At present, R&B singer Anderson East may be more well known for his personal life than for his music.
East dated country singer Miranda Lambert for two years (past tense) and the romance generated plenty of what used to be called “copy.” The Lambert-dependent nature of his fame won’t last long.
East will perform the Clyde Theatre on September 15. He is touring on the heels of a strong, sophomore Elektra Records release called Encore.
It was produced by Dave Cobb of Shooter Jennings and Zac Brown Band fame and features songs co-written by Chris Stapleton and Ed Sheeran.
East gives Cobb credit for kicking up his career a notch.
“I was playing shows mainly to the bartender and the wall when we met,” he told College Times Magazine.
Cobb was the first prominent person to assure East that he has what it takes to make it in the music business.
“He was the first one who said, ‘You have that thing,’” East recalled. “It was his encouragement. He actually paid the musicians out of his own pocket the first time we recorded. I worked with a lot of people before that, but it was pretty obvious from the start that his and my own ideals about music and about what music is lined up pretty closely. He’s become one of my closest friends and I trust him.”
There are two cover tunes on Encore, one of them being Willie Nelson’s “Somebody Pick Up My Pieces.”
“I never met (Nelson),” East told the Huffington Post. “It would be the highlight of my life if he enjoyed it. But it would crush me if he didn’t. … I mean, it’s Willie Nelson. I’m a huge fan and I can talk all day about him. I think he has the perfect voice, honestly. I would be far too afraid to hear his opinion of me.”
Collaborating with Stapleton was hard, he said, because he can make even mediocre material sound superlative.
“You can never tell if you got a good song or not when you write with him because if he sings it, it sounds really good,” East said. “I don’t think we’ve ever spent more than 30 minutes on a song. It’s like you can get rid of your lunch in the time it takes you to write a song.”
Even more impressive than Stapleton’s musicianship is his beard, he said.
“I’m a really big fan of facial hair,” the baby-faced East said. “Let’s be honest. I personally can’t grow one, so I’m always drawn to those who can.”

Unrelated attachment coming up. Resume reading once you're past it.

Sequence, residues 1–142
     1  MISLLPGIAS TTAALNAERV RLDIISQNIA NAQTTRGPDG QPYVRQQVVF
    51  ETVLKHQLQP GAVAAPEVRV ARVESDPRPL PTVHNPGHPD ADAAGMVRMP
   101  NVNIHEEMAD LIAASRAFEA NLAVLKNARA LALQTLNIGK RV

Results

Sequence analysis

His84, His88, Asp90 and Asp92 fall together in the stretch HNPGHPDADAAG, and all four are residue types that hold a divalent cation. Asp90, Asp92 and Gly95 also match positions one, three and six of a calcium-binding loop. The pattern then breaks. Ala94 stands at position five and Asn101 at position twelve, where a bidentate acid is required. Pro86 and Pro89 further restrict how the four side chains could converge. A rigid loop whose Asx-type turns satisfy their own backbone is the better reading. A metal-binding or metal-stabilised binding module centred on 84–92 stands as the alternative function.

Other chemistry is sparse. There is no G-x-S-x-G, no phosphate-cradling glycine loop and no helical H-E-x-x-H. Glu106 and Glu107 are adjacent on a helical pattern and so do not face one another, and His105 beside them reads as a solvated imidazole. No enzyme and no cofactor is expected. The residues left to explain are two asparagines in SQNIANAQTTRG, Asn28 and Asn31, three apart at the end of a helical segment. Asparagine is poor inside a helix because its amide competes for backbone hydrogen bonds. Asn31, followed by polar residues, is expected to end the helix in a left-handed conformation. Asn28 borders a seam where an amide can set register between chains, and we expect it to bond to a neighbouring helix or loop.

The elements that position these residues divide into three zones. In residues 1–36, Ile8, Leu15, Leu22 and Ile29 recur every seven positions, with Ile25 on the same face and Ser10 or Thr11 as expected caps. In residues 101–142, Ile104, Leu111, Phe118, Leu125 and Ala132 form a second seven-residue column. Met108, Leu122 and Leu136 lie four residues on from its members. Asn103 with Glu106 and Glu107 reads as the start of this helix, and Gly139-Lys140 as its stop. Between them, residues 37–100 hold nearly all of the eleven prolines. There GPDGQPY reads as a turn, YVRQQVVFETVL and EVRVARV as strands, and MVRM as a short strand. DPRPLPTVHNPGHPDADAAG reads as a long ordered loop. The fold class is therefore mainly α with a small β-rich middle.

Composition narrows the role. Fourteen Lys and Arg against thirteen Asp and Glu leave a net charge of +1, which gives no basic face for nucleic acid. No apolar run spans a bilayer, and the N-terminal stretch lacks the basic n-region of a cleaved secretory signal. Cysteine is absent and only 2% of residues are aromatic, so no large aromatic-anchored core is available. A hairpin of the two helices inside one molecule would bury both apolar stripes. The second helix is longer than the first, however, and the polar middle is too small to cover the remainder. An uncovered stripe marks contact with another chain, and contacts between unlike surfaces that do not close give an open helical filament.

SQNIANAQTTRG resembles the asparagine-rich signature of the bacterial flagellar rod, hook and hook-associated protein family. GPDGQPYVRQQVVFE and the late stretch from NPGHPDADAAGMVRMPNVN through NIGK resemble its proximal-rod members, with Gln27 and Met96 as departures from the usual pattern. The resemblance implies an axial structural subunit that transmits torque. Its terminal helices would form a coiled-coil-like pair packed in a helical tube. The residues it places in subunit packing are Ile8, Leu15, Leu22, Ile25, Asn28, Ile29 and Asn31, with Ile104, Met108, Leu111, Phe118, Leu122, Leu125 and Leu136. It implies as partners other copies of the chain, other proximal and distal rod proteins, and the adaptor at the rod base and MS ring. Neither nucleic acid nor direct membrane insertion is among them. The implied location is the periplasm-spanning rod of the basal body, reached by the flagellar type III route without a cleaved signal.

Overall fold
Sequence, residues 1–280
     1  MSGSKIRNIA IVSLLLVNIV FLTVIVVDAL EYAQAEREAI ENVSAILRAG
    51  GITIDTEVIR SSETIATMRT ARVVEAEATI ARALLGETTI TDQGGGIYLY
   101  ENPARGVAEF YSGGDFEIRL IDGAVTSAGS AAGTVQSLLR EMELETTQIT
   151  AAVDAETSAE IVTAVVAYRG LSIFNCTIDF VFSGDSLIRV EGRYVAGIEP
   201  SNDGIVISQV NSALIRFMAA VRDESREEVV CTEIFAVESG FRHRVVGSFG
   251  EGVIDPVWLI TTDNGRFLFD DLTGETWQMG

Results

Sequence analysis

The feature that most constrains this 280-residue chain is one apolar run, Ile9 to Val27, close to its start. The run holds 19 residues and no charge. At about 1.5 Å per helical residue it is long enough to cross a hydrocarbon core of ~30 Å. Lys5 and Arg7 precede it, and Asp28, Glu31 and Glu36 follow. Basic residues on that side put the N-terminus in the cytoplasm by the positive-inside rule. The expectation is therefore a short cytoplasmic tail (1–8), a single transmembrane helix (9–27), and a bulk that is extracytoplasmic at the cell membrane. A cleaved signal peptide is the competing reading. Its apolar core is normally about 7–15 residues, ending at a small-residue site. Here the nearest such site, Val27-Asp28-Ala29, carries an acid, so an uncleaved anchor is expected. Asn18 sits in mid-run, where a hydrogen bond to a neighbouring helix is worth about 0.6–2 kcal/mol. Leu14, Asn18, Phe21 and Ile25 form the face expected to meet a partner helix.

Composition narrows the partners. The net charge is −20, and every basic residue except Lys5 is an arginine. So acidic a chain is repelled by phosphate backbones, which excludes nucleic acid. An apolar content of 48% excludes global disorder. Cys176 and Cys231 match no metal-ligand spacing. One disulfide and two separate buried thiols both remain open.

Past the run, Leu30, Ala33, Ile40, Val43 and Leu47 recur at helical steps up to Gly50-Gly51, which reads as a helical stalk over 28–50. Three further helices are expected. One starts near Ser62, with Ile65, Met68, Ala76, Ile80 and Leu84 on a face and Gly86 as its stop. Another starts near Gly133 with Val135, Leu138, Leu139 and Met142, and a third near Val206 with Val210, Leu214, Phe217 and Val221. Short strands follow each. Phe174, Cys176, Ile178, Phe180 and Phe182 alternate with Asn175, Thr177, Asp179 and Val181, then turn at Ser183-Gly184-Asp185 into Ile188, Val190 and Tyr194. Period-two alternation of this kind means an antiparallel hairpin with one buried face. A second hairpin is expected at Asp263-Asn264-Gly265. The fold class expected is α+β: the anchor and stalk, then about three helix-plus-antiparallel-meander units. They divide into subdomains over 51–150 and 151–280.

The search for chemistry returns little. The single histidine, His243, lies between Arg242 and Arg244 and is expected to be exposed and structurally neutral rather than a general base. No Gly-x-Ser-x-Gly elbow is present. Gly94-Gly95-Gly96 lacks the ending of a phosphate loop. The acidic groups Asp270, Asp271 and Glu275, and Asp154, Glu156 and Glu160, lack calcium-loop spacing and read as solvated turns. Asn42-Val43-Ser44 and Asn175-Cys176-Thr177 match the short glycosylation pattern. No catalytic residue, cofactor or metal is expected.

East also wrote four songs with Lambert collaborator, Aaron Raitiere.
“There’s no filter with him,” he told CMT News. “It’s just thought vomit and just when you’re about to say, ‘Shut up,’ he says the most brilliant thing you’ve ever heard. If you put him in a room with a potato, that potato is going to come out with an awesome song. And I’ve heard some potatoes.”
East admits that a person has to be a little delusional to get into the music business.
“You have to go play those gigs and be terrible,” he said, “and then some part of you still has to be like, ‘That was awesome. I had so much fun. That was amazing.’ And then be lucky enough that nobody kills your spirit in the meantime.”
East’s spirit still seems pretty lively, despite the fact that he has generated a lot of tabloid headlines for a new artist.
In 2017, he created a stir when he criticised Garth Brooks for lip synching at the CMA Awards.
East said these days he prefers to appreciate the moment and stay focused on the task at hand, whatever it may be.
“I think we just keep our head down and keep working,” he told the Nashville Tennessean. “We’re trying to make sure that people want to come see us ... and we want to show up and deliver. I’ve given up trying to imagine things or set goals. My life has already far exceeded the expectations I had of what music could bring someone.”
People who get out to see live music have made a considerable commitment and East doesn’t take it for granted.
“I’m more reminded more and more how precious time is, especially going to a show is really hard. You have to get babysitters, you have to get dressed. You gotta figure out where you have to park. Whether you’re going to get something to eat before that. And it costs money to get in there,” he said.
“And the drinks are expensive. And they’re coming to see us, that’s incredible. It’s their right to see something amazing, and I always want to treat it as such. It’s a special moment for everyone.”
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July 27 • The Clyde